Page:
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Survivor, Conservative edition: During their first gathering since the election, Conservative MPs threw Andrew Scheer a lifeline when they voted not to adopt rules that would have opened the door to an immediate leadership vote. Instead the Conservative caucus opted to leave it to members to decide Scheer’s fate when the party holds a mandatory leadership review at its April convention in Toronto. A favourable outcome for Scheer from that review is by no means certain — a new Angus Reid survey of people who voted Conservative in the last election found 42 per cent think Scheer should step down as leader. But for now Scheer is safe, and the party, he said, is “united.”
In the meantime John Baird will conduct a review of what went wrong, and right, with the Conservative campaign. Scheer said he hopes to get the results back “as quickly as possible” but in a scrum with reporters after the caucus meeting, post-election Scheer sounded much the same as campaign-Scheer, arguing that the real problem the Conservatives had in the last election was “communication.” As in, the large number of voters in Ontario and Quebec who were uncomfortable with his personal opposition to gay marriage and abortion was the result of the party not effectively communicating its belief that every Canadian has “inherent value,” or that the majority of Canadians who want action on climate change and found the Conservative climate plan lacking did so because the party failed to properly communicate the benefits of scrapping the carbon tax, which Scheer said is still his plan: “I have never known a problem to be solved by a new tax.” So for Scheer the takeaway from the campaign seems to be: keep the platform, get better soundbites.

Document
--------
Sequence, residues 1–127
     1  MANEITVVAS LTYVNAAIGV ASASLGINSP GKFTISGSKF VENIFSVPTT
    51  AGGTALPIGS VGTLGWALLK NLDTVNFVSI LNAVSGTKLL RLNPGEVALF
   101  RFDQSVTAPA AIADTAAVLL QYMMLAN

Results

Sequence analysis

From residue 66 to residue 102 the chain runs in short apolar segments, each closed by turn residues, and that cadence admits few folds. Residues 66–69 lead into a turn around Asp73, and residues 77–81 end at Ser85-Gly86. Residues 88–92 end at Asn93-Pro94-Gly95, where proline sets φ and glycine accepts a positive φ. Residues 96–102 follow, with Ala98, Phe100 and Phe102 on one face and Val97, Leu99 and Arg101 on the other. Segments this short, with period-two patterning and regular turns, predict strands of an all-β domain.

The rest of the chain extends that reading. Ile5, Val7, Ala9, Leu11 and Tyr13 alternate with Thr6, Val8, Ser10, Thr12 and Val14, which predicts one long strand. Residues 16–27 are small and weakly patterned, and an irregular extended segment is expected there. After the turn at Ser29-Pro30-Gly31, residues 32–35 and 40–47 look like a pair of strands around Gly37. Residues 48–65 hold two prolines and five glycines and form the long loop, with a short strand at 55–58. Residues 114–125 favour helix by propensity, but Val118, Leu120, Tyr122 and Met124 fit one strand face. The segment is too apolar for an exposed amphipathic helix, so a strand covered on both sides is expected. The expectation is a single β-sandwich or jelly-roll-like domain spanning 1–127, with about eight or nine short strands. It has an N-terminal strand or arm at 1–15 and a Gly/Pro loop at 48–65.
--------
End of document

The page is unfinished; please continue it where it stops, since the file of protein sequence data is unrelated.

Goodbye, so long, farewell: The most common refrain from Scheer on Wednesday night was that Justin Trudeau lost one million votes between 2015 and 2019 and returns to Ottawa with “the weakest mandate in Canadian history.” But while, as Paul Wells notes, Liberals sound more triumphant than chastened at the moment, Trudeau is about to get a personal reminder of what he lost in the election. The Liberals lost 20 seats on Oct 21, and surviving MPs will meet with their defeated brethren today to “give thanks.” Trudeau will attend the information session. Chief government whip Mark Holland, who organized the event, told the Toronto Star it will be “cathartic” for those MPs dealing with political defeat: “It’s like travelling at 100 km/h on the 401 and hitting a brick wall. Everything stops.”
USMCA/CUSMA/JUSTDOIT: Parliament may be on indefinite hiatus, but one of the most pressing issues from Trudeau’s first term got a little bit clearer Wednesday when he and Chrystia Freeland (still Canada’s foreign minister, for now) met with a powerful Democrat about ratifying the CUSMA trade deal. Richard Neal, chair of the U.S. House of Representatives’ Ways and Means Committee, said Democrats have no plans to reopen the deal, which would lead to lengthy delays and easily scuttle the agreement. “I think what we’re going to prioritize here is clearly the issue of labour enforcement, and we think that on USMCA, we’re very close but we need some guarantees as it relates not just to Canada but also their help as it relates to Mexico,” he said.